President Obama has correctly emphasized that the United States will never accept North Korea as a nuclear-weapon state. The Obama administration has maintained a policy of “strategic patience,” a policy under which the United States exerts coercive pressure on North Korea through escalating sanctions, and will not negotiate with North Korea unless Pyongyang takes meaningful action on denuclearization and agrees to put dismantlement of its nuclear arsenal on the table.

Washington does not have the luxury of being “patient” and insisting upon unrealistic preconditions that demand Pyongyang agree to the end-state at the outset of negotiations. Shifting the U.S. approach to renewed talks unburdened by harsh preconditions, however, does not mean the United States is abandoning the denuclearization goal or is failing to hold North Korea accountable for its earlier pledges.

Seeking Stability

According to the six parties, stability will only ultimately be achieved through the complete and verifiable denuclearization of the Korean peninsula and an end to North Korean ballistic missile development and proliferation. To expect substantial steps toward this goal before resuming talks with North Korea would be putting the cart before the horse.   

To Pyongyang, the goal of stability means a peace treaty and an end to the Korean War Armistice Agreement. To outline this view, the North Korean Foreign Ministry released a statement through the state-run Korean Central News Agency, urging the United States not to “groundlessly shun” the conclusion of a peace treaty on the Korean peninsula. In Pyongyang’s view, past negotiations that put the issue of denuclearization as the first priority “proved futile” due to a lack of implementation and perceived persistently hostile U.S. policy towards North Korea. To end the cycle of confrontation and tension, Pyongyang maintains it is necessary to replace the armistice agreement with a peace treaty “before anything else.”

Bilateral Diplomacy is Necessary

In response to North Korean provocations, the United Nations Security Council has serially issued resolutions calling for North Korea to return to the six-party talks. The six-party talks, however, are just one diplomatic forum. According to Ambassador Robert Gallucci, former chief negotiator with North Korea, the modality of negotiations is less important than the participation of the United States and North Korea. The critical elements to a negotiation will be bilateral engagement, coupled with consultation with stakeholders like South Korea, Japan, and China, he said in his testimony at a Senate Foreign Relations Committee hearing on Oct. 7.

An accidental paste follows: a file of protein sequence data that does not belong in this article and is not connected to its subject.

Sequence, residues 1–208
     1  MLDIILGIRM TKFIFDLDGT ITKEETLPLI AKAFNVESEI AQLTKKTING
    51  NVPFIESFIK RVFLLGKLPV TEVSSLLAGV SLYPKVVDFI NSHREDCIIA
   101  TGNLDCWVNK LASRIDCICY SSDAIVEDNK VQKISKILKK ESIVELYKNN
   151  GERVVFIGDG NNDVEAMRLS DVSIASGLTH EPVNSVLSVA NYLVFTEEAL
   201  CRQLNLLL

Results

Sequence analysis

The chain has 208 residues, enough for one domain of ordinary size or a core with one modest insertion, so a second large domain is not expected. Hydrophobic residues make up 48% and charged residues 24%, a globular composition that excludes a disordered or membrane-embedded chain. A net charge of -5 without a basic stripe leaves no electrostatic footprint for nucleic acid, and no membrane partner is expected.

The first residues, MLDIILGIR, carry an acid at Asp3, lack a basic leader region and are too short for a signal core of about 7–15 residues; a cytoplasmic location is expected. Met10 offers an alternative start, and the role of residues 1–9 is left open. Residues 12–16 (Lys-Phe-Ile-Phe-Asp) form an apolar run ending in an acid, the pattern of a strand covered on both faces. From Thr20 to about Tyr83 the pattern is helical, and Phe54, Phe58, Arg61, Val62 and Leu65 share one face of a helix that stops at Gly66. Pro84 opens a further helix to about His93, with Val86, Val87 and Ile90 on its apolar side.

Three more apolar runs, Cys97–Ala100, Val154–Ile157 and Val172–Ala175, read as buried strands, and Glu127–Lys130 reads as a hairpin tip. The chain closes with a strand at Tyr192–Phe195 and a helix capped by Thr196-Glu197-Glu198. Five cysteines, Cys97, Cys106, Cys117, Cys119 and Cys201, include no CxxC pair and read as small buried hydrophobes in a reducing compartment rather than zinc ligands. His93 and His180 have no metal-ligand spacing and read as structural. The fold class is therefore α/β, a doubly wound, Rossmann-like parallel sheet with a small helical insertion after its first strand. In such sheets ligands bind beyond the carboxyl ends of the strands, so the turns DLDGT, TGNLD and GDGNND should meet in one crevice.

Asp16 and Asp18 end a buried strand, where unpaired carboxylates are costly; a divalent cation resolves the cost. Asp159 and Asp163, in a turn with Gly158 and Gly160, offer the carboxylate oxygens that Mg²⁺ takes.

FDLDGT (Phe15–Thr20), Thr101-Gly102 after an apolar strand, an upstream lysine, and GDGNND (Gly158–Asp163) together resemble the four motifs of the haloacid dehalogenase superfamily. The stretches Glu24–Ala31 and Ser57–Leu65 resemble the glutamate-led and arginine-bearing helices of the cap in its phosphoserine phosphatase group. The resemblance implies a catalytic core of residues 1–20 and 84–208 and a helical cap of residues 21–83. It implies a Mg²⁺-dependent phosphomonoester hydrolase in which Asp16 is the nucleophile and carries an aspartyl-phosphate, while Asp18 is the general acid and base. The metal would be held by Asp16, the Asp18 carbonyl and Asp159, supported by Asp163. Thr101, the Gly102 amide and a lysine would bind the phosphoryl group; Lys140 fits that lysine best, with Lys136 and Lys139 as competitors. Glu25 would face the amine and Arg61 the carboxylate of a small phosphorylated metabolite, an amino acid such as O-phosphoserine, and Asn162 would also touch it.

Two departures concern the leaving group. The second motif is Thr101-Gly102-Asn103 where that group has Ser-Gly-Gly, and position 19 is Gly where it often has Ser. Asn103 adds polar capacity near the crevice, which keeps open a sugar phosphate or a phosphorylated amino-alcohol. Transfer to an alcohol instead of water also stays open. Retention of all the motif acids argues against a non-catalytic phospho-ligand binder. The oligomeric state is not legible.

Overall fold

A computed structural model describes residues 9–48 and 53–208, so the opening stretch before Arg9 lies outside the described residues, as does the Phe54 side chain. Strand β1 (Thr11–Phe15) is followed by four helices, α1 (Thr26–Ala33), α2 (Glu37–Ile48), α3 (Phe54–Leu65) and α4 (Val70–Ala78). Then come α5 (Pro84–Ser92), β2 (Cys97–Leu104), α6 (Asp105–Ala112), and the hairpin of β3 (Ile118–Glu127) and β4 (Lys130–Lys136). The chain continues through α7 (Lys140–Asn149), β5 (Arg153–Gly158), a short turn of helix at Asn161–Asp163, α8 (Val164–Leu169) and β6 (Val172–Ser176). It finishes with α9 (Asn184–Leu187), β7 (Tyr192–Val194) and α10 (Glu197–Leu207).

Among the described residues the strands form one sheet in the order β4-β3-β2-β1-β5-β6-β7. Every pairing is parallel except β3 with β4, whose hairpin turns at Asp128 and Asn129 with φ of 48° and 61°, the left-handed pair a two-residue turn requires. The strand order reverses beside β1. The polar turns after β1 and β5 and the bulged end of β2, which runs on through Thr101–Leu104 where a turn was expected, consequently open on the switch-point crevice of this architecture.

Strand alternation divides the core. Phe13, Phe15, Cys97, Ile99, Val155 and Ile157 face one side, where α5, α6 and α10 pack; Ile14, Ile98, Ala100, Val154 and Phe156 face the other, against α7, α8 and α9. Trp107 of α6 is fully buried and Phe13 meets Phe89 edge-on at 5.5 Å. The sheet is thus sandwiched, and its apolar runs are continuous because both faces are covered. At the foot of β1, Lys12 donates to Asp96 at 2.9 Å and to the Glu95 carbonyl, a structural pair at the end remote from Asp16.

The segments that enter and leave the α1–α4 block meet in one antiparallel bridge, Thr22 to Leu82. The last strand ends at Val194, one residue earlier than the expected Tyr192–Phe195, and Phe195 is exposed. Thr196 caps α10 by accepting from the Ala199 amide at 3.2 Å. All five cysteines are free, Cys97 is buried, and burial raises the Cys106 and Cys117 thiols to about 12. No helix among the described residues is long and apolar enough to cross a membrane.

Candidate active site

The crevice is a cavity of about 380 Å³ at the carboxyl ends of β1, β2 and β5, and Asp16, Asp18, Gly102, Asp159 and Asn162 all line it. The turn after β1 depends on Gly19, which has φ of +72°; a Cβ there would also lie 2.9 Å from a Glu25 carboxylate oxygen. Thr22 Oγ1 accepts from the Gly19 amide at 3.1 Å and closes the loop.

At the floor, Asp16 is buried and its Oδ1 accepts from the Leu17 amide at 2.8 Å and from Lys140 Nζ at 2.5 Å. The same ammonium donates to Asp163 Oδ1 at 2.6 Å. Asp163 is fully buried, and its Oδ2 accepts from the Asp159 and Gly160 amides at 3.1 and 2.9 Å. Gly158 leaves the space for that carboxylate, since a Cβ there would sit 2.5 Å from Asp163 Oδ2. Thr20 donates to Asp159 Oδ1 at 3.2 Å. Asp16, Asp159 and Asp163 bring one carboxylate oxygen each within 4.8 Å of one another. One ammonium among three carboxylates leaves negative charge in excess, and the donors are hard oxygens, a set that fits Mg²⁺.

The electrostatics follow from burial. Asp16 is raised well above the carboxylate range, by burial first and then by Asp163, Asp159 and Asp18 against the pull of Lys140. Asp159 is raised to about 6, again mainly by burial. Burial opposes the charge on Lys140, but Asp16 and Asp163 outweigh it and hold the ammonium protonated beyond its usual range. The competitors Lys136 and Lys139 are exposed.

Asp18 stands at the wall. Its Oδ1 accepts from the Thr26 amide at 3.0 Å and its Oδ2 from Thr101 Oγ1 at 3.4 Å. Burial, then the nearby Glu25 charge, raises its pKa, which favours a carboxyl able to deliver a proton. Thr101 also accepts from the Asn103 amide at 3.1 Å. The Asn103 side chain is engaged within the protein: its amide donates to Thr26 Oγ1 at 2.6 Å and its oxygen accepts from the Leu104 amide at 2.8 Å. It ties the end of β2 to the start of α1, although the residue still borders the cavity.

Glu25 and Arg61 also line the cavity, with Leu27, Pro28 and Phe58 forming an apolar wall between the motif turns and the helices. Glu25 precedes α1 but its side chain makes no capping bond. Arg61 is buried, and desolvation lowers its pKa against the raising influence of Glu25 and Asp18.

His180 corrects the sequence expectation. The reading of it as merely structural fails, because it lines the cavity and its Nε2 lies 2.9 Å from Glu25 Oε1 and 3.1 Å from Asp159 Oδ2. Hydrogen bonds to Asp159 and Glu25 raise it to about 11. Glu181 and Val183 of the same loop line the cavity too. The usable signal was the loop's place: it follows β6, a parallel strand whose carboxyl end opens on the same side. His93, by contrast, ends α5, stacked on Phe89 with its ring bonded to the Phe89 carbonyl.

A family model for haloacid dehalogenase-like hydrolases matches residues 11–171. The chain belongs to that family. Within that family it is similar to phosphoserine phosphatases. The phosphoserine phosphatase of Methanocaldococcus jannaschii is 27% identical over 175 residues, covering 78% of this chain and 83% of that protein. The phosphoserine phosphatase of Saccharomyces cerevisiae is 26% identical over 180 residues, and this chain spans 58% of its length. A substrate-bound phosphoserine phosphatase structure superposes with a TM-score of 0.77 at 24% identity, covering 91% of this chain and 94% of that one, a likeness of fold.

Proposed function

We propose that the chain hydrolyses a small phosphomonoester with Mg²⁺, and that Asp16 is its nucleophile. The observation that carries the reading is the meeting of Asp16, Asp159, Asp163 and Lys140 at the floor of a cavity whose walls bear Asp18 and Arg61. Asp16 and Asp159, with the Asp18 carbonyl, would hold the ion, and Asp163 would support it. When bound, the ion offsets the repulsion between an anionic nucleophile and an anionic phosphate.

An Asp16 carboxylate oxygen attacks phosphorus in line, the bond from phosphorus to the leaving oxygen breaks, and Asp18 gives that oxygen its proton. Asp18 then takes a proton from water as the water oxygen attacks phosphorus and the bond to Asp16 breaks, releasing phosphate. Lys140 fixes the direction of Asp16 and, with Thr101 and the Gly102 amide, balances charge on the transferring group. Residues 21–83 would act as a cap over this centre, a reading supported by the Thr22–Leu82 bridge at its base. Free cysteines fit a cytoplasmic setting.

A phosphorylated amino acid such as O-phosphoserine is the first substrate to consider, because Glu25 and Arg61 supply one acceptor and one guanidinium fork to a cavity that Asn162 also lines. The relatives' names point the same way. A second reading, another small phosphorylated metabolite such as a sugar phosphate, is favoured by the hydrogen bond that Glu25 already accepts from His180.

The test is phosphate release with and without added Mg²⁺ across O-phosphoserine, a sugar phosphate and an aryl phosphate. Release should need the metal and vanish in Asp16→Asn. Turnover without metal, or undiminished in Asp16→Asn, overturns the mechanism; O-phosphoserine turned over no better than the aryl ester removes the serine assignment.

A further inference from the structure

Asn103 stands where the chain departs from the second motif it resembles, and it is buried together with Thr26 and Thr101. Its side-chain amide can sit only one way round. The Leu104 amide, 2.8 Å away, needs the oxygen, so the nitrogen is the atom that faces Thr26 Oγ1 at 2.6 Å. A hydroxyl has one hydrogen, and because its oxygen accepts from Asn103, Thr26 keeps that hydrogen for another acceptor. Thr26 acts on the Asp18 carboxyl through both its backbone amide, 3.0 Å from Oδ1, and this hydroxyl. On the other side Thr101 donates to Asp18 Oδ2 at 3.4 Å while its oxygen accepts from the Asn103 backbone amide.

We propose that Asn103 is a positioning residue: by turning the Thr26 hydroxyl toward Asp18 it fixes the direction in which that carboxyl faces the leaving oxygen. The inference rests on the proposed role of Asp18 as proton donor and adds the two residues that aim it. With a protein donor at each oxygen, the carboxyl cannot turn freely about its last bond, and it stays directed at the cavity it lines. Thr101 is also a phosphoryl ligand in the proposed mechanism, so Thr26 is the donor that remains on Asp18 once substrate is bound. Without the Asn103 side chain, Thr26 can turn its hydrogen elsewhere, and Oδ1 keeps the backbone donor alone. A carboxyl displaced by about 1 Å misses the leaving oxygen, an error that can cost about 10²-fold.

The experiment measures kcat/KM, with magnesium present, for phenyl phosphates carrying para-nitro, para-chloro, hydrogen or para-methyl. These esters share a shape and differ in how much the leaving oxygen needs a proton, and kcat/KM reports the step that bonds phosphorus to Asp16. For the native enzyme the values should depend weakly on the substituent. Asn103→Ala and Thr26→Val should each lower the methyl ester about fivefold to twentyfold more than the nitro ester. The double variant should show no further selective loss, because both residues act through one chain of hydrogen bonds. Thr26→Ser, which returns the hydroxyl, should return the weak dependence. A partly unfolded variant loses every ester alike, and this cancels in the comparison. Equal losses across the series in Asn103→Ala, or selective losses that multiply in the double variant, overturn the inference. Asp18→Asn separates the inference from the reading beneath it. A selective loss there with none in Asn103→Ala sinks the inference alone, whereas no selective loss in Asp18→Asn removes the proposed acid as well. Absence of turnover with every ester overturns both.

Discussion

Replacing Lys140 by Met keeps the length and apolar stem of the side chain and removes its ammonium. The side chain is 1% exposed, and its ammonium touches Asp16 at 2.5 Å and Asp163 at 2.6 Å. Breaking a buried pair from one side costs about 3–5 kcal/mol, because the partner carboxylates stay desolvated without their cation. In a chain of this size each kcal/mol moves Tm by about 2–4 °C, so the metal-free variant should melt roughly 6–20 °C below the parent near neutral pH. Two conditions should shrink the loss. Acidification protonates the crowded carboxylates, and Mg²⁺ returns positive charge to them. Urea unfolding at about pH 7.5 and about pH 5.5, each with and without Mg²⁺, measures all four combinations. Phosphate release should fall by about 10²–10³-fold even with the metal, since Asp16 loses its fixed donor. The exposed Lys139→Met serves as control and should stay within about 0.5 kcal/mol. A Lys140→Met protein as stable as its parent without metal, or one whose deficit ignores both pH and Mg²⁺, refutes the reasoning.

Highlighting the efficacy of bilateral engagement, Gallucci said “When you have six­party talks, nothing happens with six parties,” but breakthroughs happen “when two parties get together.” Given that when negotiating with North Korea, diplomatic progress occurs incrementally and out of the large group setting, perhaps it would be beneficial to take a tiered approach to talks with North Korea.

In a tiered approach to negotiations with North Korea, Washington and Pyongyang should be prepared to undertake the diplomatic heavy lifting in bilateral negotiations. North Korea has long expressed a desire to negotiate directly with the United States. Hope for a diplomatic breakthrough rests on this bilateral level. The next level of consultation in a tiered approach is the four parties, adding South Korea and China, who have the most leverage on Pyongyang. The six-party talks should serve as a setting for a tiered diplomacy approach, and ideally, a denuclearization agreement would be reached in this forum.